Overexpression of pdgfαb in sclerotome is sufficient to rescue primitive erythropoietic defects in pdgfαa−/−;pdgfαb−/− embryos. (A) Expression analysis of pdgfαa in wild-type embryos at the indicated stages by in situ hybridization. Lateral view with anterior to the top. (B,C) Expression profile of pdgfαb in wild-type embryos assayed by in situ hybridization at the indicated stages and displayed (B) as whole mounts (lateral view with anterior to the top) or (C) in section. Dashed line in B indicates the position of the section in C. (D,E) Expression patterns of pdgfra in wild-type embryos assayed by in situ hybridization at the indicated stages, shown as (D) whole mounts or (E) sections. Dashed lines in D represent the positions of the sections in E. B, blood cell; lpm, lateral plate mesoderm; nc, notochord; nt, neural tube; s, somite. (F,G) Colocalization analysis of pdgfra and gata1 transcripts in wild-type embryos at (F) 14 hpf and (G) 18 hpf by dual-color fluorescence in situ hybridization. Lateral view with anterior to the top. Scale bars: 50 μm. (H-K) pdgfαa−/−;pdgfαb−/− (pdgfαa/b−/−) embryos were injected with 30 pg foxc1b:pdgfαb-P2A-EosFP plasmid and 200 pg Tol2 transposase mRNA at the one-cell stage, and then harvested for in vivo confocal imaging or in situ hybridization alongside uninjected WT and pdgfαa/b−/− control embryos. (H) Representative brightfield (BF) and confocal images of a pdgfαa/b−/− embryo injected with the plasmid foxc1b: pdgfαb-P2A-EosFP and Tol2 mRNA at 14 hpf. Lateral view with anterior to the top. Scale bar: 50 μm. (I) The transcripts of gata1 were evaluated by in situ hybridization at 10-somite stage (10 ss). Representative images of the phenotypes observed in uninjected WT or pdgfαa/b−/− control embryos and pdgfαa/b−/− embryos injected with the indicated plasmid and Tol2 transposase mRNA. (J) The percentage of embryos scored as being normal (N) or as having moderate (M) or severe (S) defects for the indicated genotypes. (K) Quantitative real-time PCR was performed to examine the expression of gata1 in the indicated embryos, and the values are expressed as mean±s.d. Fold change relative to WT from three independent experiments. One-way ANOVA with Scheffe post-hoc test was used to analyze the statistical differences between groups. **P<0.01, ***P<0.001. (L,M) Immunofluorescence assay of p-Pdgfra in Tg(gata1:dsRed) background embryos. WT and pdgfαa/b−/− control embryos were uninjected, and pdgfαa/b−/− embryos were injected with foxc1b:pdgfαb-P2A-EosFP plasmids and Tol2 transposase mRNA as described in H. (L) Lateral views with anterior to the left. Scale bar: 50 μm. (M) The average fluorescence intensity of p-Pdgfra in the ICM region of each group was calculated using ImageJ software, and the fluorescence intensity values relative to WT are shown as mean±s.d. (n>5) from three independent experiments. One-way ANOVA test with Scheffe post-hoc test was used to analyze the statistical differences between groups. **P<0.01, ***P<0.001.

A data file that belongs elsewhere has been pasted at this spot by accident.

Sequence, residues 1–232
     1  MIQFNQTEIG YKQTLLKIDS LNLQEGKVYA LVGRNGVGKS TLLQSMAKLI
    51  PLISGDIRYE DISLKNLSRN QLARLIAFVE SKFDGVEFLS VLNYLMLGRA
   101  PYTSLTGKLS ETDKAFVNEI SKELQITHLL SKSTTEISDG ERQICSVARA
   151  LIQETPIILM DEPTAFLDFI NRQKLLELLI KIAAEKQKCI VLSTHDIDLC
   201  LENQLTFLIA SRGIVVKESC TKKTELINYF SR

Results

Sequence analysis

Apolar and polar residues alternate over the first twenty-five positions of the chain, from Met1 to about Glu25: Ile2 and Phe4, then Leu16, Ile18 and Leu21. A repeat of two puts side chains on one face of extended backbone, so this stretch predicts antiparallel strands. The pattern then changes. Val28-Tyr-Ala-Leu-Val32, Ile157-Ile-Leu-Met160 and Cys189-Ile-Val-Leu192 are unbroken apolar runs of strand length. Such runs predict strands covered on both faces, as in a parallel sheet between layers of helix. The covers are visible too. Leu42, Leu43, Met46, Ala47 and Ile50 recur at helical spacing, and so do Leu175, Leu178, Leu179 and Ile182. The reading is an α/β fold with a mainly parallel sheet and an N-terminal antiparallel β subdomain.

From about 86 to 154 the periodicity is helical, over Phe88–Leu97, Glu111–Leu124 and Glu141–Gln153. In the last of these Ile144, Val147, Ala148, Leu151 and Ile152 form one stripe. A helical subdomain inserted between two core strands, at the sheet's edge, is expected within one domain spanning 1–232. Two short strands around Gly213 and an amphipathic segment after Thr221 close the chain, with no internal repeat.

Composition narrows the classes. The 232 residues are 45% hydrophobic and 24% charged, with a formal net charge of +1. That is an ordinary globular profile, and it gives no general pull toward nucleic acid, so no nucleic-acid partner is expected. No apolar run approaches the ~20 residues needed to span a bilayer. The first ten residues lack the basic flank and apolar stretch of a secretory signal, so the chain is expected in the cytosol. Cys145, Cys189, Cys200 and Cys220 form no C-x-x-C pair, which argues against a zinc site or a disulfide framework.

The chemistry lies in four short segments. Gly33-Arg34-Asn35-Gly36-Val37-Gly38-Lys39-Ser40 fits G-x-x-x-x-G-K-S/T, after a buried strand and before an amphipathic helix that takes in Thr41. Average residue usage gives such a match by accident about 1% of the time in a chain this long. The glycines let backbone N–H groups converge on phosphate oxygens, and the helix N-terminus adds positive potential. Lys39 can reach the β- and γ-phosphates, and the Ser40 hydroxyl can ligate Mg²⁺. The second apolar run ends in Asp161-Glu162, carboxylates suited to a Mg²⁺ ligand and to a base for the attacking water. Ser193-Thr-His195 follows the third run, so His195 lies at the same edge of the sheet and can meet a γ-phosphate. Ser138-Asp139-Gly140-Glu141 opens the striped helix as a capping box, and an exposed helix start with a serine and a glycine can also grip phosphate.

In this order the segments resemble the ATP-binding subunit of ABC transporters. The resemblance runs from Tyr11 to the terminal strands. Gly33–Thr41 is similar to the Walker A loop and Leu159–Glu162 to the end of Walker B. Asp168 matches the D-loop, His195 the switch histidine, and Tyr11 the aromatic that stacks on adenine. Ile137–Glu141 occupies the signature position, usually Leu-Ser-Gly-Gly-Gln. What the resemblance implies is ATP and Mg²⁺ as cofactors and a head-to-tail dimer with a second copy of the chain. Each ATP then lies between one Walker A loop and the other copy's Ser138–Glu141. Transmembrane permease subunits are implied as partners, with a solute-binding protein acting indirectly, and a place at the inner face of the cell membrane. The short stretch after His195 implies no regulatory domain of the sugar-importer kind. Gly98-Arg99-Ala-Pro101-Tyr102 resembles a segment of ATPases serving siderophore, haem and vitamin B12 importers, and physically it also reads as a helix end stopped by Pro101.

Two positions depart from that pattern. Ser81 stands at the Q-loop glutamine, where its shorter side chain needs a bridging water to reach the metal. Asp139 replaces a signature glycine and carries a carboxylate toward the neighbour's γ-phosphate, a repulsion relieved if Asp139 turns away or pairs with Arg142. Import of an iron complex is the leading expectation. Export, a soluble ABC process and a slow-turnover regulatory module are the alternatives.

Fig. 3.